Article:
I just read on some internet page that a distinguished History professor at a leading California university described one of her students as a "capacious critical thinker". Other than from the ...
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1answer
69 views

Difference between “at rest” and “not in motion” [closed]

Is it incorrect to say that a machine is "at rest" when it is not moving ? I'd tend to use "at rest" for living organisms and use something like "not in motion" for machines and devices, but maybe I'...
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33 views

synonyms of “project”, “assignment”, “task” from end-user point of view

I'm compiling a FAQ section and for the last 20 minutes, I can't decide which of the following sentences fits or maybe none of them fits. Example sentences: How long does it take to complete ...
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37 views

Do we say “to lean the broom AGAINST / ON the corner of the room” or “to lean the broom IN the corner of the room”? [migrated]

lean [transitive] to make something rest against something in a sloping position lean something against something Can I lean my bike against the wall? She leaned her head against his ...
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1answer
59 views

Is “out of … reasons” as fine as because of, due to, for?

Examples Take sentences like: Because of her alcohol addiction, she spends an extra $20 on booze every day. Due to her alcohol addiction, she spends an extra $20 on booze every day. If ...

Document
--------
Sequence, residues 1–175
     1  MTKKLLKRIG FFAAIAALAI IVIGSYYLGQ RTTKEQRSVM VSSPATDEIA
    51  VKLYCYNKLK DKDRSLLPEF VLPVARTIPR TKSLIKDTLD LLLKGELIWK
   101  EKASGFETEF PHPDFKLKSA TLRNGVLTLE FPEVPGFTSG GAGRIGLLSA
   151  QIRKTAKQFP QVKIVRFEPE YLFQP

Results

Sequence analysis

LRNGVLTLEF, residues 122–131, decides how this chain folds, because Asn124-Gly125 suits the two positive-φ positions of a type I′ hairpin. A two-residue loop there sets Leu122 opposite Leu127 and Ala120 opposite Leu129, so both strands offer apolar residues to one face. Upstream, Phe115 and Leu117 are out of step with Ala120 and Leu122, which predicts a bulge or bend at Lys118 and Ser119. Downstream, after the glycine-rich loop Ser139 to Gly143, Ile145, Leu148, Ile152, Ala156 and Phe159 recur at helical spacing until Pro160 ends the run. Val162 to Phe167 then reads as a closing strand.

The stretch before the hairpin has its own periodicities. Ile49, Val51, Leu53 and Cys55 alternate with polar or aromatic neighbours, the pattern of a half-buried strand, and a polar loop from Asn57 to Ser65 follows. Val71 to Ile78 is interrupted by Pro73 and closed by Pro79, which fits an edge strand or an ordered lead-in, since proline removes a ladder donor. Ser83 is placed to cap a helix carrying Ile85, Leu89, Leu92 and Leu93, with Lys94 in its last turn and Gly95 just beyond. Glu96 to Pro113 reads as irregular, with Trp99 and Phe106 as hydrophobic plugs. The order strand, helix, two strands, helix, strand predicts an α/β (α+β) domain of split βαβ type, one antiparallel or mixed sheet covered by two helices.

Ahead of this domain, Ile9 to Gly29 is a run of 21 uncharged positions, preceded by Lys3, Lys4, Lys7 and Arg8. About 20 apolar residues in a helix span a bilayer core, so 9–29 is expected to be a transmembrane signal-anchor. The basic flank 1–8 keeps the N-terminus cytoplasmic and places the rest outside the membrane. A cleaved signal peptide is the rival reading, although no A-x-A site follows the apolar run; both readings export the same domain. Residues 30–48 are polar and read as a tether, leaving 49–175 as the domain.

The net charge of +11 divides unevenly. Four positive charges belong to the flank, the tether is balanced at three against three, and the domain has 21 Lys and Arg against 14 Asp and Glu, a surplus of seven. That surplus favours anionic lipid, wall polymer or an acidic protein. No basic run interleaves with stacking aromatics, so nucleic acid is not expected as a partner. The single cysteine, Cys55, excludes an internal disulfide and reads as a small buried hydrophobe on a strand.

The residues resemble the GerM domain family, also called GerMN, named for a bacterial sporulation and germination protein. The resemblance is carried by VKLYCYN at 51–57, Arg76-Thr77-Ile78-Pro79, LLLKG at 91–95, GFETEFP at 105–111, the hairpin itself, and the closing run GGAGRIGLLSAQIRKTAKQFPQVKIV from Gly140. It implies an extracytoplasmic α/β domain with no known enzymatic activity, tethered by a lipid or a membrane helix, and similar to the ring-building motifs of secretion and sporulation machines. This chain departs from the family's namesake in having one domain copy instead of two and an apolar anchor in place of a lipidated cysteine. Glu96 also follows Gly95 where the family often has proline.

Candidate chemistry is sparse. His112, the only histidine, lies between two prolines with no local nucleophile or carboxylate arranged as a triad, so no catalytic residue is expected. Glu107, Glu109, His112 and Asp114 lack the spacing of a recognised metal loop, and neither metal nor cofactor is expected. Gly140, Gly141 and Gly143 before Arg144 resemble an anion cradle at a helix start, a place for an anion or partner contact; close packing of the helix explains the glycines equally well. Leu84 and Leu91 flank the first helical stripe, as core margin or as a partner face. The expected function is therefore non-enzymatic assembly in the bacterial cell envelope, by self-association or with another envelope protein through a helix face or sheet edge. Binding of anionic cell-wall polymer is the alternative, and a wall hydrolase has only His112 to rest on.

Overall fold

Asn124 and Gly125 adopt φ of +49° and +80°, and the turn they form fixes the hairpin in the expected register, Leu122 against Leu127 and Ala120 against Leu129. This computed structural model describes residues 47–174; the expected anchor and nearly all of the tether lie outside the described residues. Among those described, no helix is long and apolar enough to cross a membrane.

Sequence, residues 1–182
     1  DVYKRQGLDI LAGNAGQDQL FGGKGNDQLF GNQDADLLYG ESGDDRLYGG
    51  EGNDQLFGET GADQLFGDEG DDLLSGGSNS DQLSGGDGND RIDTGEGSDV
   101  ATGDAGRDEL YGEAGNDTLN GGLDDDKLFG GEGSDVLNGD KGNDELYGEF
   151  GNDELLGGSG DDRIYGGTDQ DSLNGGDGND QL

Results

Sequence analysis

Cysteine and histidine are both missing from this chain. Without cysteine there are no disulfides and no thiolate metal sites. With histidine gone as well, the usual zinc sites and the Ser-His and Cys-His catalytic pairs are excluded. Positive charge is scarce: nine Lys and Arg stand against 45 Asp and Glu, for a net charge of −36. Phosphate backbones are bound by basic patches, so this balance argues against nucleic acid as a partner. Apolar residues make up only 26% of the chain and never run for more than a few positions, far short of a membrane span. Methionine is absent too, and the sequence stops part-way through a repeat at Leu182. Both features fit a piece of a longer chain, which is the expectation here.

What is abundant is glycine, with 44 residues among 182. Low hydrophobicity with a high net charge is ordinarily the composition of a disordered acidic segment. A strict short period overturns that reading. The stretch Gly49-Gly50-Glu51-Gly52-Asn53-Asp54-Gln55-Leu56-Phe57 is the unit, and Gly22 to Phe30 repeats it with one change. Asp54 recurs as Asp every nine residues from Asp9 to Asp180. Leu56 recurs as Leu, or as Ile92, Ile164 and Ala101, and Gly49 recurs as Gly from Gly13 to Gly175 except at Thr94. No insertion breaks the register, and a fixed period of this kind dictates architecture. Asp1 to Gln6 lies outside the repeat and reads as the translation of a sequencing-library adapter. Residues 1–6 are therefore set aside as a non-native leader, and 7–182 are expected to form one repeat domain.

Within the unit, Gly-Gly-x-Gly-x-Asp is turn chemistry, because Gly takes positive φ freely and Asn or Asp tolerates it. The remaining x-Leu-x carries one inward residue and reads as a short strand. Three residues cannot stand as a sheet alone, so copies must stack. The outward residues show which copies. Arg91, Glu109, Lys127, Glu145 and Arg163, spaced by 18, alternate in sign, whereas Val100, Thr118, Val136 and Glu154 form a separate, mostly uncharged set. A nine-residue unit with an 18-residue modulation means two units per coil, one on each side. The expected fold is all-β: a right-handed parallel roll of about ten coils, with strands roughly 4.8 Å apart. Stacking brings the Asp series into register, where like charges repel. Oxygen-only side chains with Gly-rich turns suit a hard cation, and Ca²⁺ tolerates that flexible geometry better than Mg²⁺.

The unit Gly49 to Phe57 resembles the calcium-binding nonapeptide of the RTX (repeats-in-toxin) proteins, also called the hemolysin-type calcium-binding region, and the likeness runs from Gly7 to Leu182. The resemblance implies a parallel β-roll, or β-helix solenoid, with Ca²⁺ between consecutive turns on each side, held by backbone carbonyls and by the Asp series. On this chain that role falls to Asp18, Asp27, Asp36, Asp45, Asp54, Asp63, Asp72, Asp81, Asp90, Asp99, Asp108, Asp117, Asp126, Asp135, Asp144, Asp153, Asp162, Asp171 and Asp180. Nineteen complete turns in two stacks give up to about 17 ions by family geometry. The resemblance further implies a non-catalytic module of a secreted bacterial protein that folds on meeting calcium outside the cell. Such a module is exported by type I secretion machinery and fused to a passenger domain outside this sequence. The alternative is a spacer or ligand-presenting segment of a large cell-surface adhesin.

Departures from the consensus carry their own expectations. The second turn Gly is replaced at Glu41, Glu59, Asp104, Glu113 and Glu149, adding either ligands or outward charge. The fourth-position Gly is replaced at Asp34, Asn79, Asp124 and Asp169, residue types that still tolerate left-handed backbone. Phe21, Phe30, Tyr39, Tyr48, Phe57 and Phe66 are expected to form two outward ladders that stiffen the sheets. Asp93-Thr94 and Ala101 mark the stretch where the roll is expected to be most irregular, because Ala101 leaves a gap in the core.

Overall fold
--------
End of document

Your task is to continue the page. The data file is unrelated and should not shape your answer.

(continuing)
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28 views

“On [Subject]” vs. “Of [Subject]” in Titles

I see "On" and "Of" in the titles of many essays, and was wondering what the difference between the two is. For example, what is the difference between, "On Sadness" and "Of Sadness"? "On Grief" vs "...
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43 views

When to use 'conflict' as uncountable noun?

I previously believed that conflict is a countable noun. Lately, I have encountered a sentence... Translation is possible, and yet we are still bedeviled by conflict. After that, I tried to ...
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22 views

using the word thank-you's

I am putting together a brochure for a gift box business. I am listing Client thank-you's as one of the bullet points. Do I have it listed correctly? and does it need an apostrophe?
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3answers
60 views

Appropriateness of the word 'buddy' in America

I would like to know if addressing an American with the word 'buddy' would be considered offensive. If the answer is yes then would it be considered offensive by an American irrespective of the ...
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1answer
44 views

Is 'thrive to become' used correctly in this sentence?

I came upon a sentence 'Thrive to become an efficient and adaptive IT organisation' describing future company goals. It seems to me that 'strive' would be more appropriate word here. Is 'thrive' used ...
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1answer